Farmers from the north-east have taken to Holyrood to make clear their anger at the Scottish Government’s handling of an industry in crisis.
The frustration is over the Common Agricultural Policy (CAP) payments, which has been the victim of a litany of errors.
The rally was organised by the National Farmers’ Union Scotland (NFUS) and took place on Thursday, March 10.
The action taken by the union has resulted in a debate on the failings with CAP delivery taking place in the Scottish Parliament on the same day.
The crowd heard from union president Alan Bowie before being addressed by Deputy First Minister John Swinney, Cabinet Secretary for Rural Affairs Richard Lochhead, Scottish Conservative leader Ruth Davidson and Scottish Liberal Democrat leader Willie Rennie.
With Scottish Parliamentary elections eight weeks away, the farmers and crofters rallied in Edinburgh to highlight to Scotland’s politicians the importance of a vibrant rural economy to the nation.
A spokesperson for the NFUS said: “A key driver behind the current cash crisis on farms is Scottish Government’s problems delivering support payments to farmers and crofters because of its £180 million investment in a flawed IT system.”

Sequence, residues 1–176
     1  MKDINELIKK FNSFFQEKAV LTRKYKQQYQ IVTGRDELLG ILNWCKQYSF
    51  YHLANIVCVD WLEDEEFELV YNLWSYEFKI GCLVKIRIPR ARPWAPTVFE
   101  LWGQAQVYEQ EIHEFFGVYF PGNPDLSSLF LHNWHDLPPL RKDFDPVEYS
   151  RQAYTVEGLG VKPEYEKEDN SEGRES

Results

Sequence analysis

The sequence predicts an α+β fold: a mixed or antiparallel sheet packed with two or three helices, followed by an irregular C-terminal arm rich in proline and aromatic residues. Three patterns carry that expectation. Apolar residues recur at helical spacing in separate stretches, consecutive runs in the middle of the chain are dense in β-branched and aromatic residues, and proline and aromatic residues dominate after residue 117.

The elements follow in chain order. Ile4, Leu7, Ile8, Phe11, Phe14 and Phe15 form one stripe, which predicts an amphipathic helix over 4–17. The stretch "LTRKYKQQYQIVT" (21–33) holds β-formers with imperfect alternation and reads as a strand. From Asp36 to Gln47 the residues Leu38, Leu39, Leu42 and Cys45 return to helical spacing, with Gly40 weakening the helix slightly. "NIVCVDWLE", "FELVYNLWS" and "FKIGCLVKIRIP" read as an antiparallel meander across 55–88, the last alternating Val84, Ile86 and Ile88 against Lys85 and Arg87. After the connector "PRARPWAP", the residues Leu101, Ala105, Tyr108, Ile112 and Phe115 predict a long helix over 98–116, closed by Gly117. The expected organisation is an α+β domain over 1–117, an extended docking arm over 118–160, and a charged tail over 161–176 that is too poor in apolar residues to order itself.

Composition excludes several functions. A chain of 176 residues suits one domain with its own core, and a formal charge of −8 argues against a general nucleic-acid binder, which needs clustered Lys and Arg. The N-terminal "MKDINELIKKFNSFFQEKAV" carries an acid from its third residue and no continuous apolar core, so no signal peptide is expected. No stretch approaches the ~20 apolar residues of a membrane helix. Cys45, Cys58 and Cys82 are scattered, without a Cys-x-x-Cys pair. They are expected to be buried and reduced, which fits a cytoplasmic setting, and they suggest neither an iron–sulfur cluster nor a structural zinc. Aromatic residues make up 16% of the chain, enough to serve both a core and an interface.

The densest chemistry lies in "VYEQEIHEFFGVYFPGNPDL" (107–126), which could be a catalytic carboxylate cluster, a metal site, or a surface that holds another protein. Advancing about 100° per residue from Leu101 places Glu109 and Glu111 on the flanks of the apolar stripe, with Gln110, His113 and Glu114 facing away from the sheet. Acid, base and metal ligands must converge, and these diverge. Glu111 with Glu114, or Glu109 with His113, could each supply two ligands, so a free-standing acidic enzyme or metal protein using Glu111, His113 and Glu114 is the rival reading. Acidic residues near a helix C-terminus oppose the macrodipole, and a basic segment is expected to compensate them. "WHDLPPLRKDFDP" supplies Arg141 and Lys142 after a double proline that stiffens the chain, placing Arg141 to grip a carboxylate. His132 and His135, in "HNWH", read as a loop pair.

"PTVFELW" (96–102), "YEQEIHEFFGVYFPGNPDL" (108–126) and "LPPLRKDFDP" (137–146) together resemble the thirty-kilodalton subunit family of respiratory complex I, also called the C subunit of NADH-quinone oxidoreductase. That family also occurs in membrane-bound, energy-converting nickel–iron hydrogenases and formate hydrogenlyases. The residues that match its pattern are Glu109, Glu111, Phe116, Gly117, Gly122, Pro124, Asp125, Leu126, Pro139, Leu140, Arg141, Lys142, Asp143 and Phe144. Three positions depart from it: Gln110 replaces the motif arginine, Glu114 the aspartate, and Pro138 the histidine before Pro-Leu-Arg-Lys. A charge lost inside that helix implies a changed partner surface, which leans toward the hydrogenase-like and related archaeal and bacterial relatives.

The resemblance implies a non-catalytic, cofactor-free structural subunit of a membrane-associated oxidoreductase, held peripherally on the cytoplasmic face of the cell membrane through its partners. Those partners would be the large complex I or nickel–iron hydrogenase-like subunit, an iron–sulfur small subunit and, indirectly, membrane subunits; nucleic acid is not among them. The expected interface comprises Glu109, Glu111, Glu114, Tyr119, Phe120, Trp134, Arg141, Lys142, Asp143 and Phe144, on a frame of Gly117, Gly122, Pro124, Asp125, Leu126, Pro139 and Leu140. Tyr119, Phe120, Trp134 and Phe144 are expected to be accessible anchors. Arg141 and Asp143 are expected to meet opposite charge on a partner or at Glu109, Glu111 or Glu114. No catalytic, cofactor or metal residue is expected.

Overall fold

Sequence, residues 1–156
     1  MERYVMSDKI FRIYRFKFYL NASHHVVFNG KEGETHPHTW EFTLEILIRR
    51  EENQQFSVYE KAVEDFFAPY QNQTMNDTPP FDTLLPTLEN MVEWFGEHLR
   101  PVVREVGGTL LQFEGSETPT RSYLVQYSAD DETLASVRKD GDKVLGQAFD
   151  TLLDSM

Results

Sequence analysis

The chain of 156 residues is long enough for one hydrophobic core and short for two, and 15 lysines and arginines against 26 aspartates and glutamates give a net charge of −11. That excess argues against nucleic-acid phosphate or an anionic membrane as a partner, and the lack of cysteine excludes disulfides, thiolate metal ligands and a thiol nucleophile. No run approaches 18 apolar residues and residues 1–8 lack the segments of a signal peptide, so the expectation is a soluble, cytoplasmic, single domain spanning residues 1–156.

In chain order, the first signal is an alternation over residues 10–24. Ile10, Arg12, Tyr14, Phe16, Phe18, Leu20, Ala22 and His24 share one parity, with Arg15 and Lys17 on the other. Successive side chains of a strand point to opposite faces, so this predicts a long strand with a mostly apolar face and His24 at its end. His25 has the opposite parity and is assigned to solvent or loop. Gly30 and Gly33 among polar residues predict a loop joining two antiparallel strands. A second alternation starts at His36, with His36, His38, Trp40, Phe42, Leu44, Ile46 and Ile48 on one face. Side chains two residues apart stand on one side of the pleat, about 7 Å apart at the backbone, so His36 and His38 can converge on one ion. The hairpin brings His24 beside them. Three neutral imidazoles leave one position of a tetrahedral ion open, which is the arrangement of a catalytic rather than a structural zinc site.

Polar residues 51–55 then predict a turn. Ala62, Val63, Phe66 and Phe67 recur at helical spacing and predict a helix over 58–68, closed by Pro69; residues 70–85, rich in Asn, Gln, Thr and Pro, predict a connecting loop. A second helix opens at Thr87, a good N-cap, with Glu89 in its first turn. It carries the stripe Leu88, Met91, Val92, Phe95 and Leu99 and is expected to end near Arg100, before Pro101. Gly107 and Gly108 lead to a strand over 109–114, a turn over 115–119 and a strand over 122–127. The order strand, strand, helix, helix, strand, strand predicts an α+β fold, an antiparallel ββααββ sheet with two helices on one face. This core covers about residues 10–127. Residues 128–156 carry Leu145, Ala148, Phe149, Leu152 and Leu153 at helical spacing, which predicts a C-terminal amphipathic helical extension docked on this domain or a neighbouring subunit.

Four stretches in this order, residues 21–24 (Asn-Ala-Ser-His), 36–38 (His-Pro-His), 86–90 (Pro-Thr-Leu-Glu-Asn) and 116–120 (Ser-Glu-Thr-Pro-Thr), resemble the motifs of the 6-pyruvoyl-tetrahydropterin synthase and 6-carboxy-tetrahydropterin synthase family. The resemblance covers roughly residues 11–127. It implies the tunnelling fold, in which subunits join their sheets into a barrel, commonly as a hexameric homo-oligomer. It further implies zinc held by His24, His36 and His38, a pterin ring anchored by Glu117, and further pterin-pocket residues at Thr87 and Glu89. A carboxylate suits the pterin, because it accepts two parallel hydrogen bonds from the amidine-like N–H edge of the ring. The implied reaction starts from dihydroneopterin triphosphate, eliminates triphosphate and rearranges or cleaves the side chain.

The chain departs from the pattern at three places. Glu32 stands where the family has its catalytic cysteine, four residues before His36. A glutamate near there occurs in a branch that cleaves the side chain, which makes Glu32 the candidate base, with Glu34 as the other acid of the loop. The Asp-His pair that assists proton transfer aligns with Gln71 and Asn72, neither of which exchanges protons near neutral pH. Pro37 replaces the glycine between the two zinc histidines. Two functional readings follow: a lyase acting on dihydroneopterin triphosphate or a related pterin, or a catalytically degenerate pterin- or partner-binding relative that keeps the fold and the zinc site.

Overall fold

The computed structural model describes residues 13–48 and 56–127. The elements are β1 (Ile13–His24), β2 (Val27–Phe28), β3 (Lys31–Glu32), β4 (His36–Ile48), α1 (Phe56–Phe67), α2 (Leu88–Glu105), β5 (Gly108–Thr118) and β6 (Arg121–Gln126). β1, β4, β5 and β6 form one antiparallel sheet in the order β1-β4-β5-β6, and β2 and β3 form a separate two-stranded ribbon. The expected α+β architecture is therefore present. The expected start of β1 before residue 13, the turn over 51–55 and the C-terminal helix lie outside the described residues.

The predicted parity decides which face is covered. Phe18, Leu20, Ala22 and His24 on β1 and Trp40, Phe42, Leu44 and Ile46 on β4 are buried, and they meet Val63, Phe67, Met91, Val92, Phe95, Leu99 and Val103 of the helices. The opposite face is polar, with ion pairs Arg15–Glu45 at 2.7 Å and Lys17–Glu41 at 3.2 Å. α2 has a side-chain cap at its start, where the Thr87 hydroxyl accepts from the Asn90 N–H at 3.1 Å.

NFUS president Allan Bowie said: ““The unanimous message given by Scotland’s leading politicians to us today is they recognise farming matters. We want those words to translate into actions.
“The calamitous delivery of support to the sector is the key contributor to a £300 million black hole in Scotland’s rural economy. Politicians must also address our dysfunctional supply chain.
“Rural matters must be a consideration for all MSPs.
“The failure to properly deliver farm support payments to the sector this spring has blown a hole in the rural economy.
“It shows how vulnerable farming businesses are and how reliant thousands of jobs are on primary producers.”
MSP Richard Lochhead said: “I was pleased to meet members of our farming community and hear their point of view. They are a crucial link in the £14 billion food and drink chain and I agree with no farmers, no food.”
“The issue of CAP payments was raised and I reassured farmers that, with a payment now made to 59% of farmers, the system is working. However, they are not being made fast enough. That’s why we have confirmed a £200 million injection of national funds to provide cash advances to those who have not yet received their first instalment payment by the end of this month.”